January 26, 2009
Pharmaceutical Waste Found In India’s Streams
Researchers in India made a surprising discovery when they tested samples of water from a stream where about 90 drug companies get rid of their waste.
The vials revealed shocking levels of antibiotics "“ about enough in the entire stream to treat 90,000 people. Researchers noted the presence of 21 different drugs, which range in purpose from hypertension to depression.Half of the drugs measured at the highest levels of pharmaceuticals ever detected in the environment, researchers told the Associated Press, which last year reported on the presence of pharmaceuticals in drinking water being provided to at least 46 million Americans. But researchers say the water being analyzed in India contains 150 times even the highest levels of pharmaceuticals found by AP in the US.
India is one of the world's leading exporters of pharmaceuticals, and the US - which spent $1.4 billion on Indian-made drugs in 2007 - is its largest customer, said the news agency.
"If you take a bath there, then you have all the antibiotics you need for treatment," chemist Klaus Kuemmerer at the University of Freiburg Medical Center in Germany, an expert on drug resistance in the environment who did not participate in the research told the AP. "If you just swallow a few gasps of water, you're treated for everything. The question is for how long?"
Joakim Larsson, an environmental scientist at the University of Gothenburg in Sweden, studied levels of pharmaceuticals in the stream near Patancheru Enviro Tech Ltd. Researchers had previously attributed high levels of drugs in water to their use rather than manufacturing.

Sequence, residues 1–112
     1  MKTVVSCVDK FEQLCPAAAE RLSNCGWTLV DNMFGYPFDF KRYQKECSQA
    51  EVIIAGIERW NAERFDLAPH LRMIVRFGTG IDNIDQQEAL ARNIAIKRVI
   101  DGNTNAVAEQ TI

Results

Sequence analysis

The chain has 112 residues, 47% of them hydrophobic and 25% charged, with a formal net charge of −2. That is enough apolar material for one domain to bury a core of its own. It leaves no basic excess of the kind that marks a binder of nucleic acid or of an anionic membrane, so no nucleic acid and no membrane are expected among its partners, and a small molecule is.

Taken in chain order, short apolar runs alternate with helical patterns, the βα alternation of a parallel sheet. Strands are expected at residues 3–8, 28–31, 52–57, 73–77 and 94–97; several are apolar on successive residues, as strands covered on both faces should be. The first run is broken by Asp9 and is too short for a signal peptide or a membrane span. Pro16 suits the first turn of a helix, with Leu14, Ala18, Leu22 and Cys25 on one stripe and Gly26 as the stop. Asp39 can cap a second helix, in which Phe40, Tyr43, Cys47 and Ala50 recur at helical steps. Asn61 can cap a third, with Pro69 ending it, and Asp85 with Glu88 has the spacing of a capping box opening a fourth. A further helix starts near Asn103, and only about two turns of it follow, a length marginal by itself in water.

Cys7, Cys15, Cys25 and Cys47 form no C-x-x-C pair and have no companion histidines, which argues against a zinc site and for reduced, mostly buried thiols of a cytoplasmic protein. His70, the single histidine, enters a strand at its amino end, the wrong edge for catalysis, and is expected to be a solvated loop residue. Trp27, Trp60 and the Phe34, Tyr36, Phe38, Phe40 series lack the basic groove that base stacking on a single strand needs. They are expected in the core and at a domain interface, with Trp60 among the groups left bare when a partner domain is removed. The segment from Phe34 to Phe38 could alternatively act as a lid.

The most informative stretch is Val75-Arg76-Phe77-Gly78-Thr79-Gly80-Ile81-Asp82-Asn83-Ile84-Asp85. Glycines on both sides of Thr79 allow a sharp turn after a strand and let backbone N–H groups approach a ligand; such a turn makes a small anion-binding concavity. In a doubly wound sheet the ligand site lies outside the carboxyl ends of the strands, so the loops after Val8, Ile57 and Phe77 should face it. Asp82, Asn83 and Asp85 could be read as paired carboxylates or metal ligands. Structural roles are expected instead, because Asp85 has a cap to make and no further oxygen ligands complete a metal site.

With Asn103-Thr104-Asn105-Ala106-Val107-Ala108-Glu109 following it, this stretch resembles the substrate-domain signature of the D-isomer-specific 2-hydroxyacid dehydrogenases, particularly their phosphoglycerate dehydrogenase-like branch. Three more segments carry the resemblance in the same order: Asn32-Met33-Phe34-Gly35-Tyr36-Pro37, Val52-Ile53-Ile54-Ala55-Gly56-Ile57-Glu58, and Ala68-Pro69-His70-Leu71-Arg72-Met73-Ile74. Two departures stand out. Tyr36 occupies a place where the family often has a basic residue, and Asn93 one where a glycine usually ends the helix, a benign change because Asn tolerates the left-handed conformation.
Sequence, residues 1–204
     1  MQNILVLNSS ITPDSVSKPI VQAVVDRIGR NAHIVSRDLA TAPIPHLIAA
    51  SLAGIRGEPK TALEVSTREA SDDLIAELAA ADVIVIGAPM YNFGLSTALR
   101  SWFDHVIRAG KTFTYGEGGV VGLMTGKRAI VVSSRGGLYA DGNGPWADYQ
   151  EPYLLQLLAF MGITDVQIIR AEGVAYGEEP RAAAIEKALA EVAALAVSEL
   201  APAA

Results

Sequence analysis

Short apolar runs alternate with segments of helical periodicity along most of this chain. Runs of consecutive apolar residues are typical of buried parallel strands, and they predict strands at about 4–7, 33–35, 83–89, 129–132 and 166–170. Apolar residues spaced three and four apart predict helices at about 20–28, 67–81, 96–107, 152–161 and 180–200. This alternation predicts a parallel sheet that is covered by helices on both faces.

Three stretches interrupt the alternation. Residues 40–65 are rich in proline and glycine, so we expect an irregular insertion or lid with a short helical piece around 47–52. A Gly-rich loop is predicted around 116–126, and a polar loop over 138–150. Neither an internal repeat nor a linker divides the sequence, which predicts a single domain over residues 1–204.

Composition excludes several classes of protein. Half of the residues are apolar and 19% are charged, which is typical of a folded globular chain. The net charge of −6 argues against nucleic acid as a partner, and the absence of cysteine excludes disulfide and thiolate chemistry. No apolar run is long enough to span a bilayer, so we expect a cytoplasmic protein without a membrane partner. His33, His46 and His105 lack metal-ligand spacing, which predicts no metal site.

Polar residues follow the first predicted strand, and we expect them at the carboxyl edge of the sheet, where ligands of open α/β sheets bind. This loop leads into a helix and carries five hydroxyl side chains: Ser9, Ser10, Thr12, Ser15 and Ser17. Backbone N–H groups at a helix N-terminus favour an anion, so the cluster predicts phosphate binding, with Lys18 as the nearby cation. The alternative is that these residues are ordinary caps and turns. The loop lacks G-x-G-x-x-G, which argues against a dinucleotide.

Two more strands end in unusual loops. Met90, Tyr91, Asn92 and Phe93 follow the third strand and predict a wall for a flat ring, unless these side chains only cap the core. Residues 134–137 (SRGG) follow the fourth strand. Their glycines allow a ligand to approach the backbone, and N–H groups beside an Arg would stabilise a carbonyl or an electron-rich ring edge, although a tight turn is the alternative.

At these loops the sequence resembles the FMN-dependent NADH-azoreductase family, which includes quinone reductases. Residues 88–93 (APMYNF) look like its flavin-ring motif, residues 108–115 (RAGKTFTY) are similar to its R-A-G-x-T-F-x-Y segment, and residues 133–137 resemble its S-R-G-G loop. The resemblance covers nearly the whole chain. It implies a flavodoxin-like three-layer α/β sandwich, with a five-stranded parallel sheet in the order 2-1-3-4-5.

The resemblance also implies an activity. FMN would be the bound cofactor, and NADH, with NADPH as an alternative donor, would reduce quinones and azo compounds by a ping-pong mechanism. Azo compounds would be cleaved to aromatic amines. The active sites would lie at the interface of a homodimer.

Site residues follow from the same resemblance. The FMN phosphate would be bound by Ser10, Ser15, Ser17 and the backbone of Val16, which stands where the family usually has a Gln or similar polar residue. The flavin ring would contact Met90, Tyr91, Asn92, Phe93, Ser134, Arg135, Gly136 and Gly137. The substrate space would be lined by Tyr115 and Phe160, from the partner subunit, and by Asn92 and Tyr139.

"Who has a responsibility for a polluted environment when the Third World produces drugs for our well being?" Larsson asked scientists at a recent environmental research conference.
In its report last year, the AP found that "human cells fail to grow normally in the laboratory when exposed to trace concentrations of certain pharmaceuticals."
Researchers in India noted that tadpoles that were exposed to water from the plant were 40 percent smaller than those living in clean water.
"We don't have any other source, so we're drinking it," said R. Durgamma, a mother of four who lives a few miles downstream from the plant.
"When the local leaders come, we offer them water and they won't take it," she said.
Larsson's team also discovered high levels of pharmaceuticals in lakes upstream from the treatment plant, which could suggest potential illegal dumping.
"I'll tell you, I've never seen concentrations this high before. And they definitely ... are having some biological impact, at least in the effluent," Dan Schlenk, an ecotoxicologist from the University of California, Riverside, who was not involved in the India research, told the AP.
But M. Narayana Reddy, president of India's Bulk Drug Manufacturers Association, says he challenges researchers' findings.
"It is the wrong information provided by some research person."
Reddy blames untreated human excrement and past industry abuses.
But Larsson's findings could spell out more future trouble because continued exposure to drugs could lead to the mutation of bacteria, making them more resistant to powerful treatments. In recent years, many bacteria have developed resistance to the drug, leaving it significantly less effective.
"We are using these drugs, and the disease is not being cured - there is resistance going on there," said Dr. A. Kishan Rao, a medical doctor and environmental activist who has treated people for more than 30 years near the drug factories.
Dr. Rao called it "a global concern."
And the consequences could be even worse for the environment, Renee Sharp, senior analyst at the Environmental Working Group, told the AP.
"People might say, 'Oh sure, that's just a dirty river in India,' but we live on a small planet, everything is connected. The water in a river in India could be the rain coming down in your town in a few weeks," she said.
On the Net: